Nov 17, 2010

Lesser Evil Voting Guarantees a Broken System

From a letter to the editor of the South Bend Tribune:
In response to Tim Goode’s (Voice, Nov. 9) belief that a vote for a third party candidate is a “wasted” vote, consider this: Goode would have us all believe that voting for the lesser of two evils is the smarter, more practical choice.

My contention is that continuously voting for inferior and/or incompetent (yet popular) candidates virtually guarantees that the existing broken system will still be in place when my children inherit it.

By voting our conscience, regardless of party affiliation, we help in a small way to change that system. Perhaps if everyone in agreement with Libertarian views were to vote their opinion, rather than for whom they expect will win, those people would be noticed. These voters of conscience would in turn be noticed by others, including the media, and within a few election cycles we could actually effect change. To steal a phrase, only a fool would do the same thing over and over and expect different results. Will it work? Heck if I know.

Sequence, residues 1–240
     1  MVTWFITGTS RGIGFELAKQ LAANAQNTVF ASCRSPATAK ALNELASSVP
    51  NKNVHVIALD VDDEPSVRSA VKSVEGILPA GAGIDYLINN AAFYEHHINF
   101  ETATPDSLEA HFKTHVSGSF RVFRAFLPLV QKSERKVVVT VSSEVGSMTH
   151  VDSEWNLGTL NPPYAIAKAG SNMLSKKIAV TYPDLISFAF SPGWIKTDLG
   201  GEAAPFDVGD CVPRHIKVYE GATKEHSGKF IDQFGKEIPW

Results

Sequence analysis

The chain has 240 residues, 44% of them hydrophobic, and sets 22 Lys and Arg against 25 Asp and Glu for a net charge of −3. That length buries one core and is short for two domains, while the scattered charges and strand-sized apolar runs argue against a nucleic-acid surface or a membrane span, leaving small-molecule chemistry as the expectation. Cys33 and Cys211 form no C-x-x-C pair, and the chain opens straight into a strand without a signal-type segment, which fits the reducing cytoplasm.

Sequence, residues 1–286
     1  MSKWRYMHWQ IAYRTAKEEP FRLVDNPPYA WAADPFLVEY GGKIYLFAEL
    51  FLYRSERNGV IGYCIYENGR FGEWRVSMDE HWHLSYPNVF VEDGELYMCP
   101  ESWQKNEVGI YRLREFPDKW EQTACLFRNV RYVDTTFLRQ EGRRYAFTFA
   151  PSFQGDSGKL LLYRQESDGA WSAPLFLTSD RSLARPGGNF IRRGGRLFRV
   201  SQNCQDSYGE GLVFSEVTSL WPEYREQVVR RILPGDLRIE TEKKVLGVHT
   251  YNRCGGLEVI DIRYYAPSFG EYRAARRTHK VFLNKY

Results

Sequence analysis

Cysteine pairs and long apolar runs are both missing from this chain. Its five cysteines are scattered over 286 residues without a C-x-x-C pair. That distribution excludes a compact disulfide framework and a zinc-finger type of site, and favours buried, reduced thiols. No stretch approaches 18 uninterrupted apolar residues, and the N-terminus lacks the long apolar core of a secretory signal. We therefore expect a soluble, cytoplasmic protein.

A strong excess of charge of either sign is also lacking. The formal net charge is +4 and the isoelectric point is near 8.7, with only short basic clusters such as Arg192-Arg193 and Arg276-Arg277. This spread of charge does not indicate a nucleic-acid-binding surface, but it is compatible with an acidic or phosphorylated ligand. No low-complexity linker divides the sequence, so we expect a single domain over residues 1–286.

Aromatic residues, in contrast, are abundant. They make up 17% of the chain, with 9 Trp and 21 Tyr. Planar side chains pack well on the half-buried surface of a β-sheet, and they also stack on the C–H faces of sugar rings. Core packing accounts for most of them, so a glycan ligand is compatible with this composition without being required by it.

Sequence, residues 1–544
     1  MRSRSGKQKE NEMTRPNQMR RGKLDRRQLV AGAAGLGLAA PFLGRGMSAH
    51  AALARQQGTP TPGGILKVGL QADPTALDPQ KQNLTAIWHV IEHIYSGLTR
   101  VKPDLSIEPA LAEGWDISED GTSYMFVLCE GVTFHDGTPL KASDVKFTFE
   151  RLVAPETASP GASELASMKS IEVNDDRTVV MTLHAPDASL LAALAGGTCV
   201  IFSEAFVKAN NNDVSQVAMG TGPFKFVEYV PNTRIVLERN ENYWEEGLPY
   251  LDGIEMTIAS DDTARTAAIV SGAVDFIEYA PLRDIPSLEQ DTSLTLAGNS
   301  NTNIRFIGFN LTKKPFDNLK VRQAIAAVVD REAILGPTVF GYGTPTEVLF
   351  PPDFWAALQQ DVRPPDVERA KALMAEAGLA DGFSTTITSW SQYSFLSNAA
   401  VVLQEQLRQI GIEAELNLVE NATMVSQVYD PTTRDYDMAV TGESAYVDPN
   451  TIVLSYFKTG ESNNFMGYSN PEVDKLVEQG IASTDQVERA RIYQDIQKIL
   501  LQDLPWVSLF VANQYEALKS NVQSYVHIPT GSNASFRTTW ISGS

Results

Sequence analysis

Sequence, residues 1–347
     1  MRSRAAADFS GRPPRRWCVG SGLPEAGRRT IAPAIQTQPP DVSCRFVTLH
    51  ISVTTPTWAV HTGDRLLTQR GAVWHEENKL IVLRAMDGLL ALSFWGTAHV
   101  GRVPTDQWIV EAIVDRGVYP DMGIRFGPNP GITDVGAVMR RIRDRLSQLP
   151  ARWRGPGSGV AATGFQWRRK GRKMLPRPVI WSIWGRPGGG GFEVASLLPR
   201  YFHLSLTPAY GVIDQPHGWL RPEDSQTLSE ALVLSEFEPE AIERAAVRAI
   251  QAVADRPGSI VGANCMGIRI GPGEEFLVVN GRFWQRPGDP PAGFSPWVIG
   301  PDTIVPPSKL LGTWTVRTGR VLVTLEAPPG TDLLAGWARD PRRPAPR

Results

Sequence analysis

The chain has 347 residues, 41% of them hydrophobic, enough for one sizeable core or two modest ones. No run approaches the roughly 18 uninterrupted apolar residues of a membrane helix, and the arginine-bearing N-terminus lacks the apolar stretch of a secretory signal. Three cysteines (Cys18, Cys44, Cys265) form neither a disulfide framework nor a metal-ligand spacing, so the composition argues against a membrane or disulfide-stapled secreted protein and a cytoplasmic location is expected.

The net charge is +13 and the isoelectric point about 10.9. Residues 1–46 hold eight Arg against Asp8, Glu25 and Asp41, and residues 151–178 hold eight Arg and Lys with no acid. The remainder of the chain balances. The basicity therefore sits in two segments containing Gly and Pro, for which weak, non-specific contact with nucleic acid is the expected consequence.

We haven’t tried it yet. Is this how the framers of our Constitution intended the process to work? You betcha.
Nick Castelucci

1 comment:

DLW said...

Nick, how's about focusing less on trying to get the "right" people into power and more on trying to decentralize influence through handicapping the rivalry between the two major parties and enabling Local Third (LT) parties to raise our democracy. LT parties would specialize in contesting winnable local parties and otherwise engaging in civil issue advocacy, which would include voting strategically together in less local elections.

It's something that could be acheived without wishful thinking that following one's conscience in voting in a First-Past-the-Post election will somehow make a difference.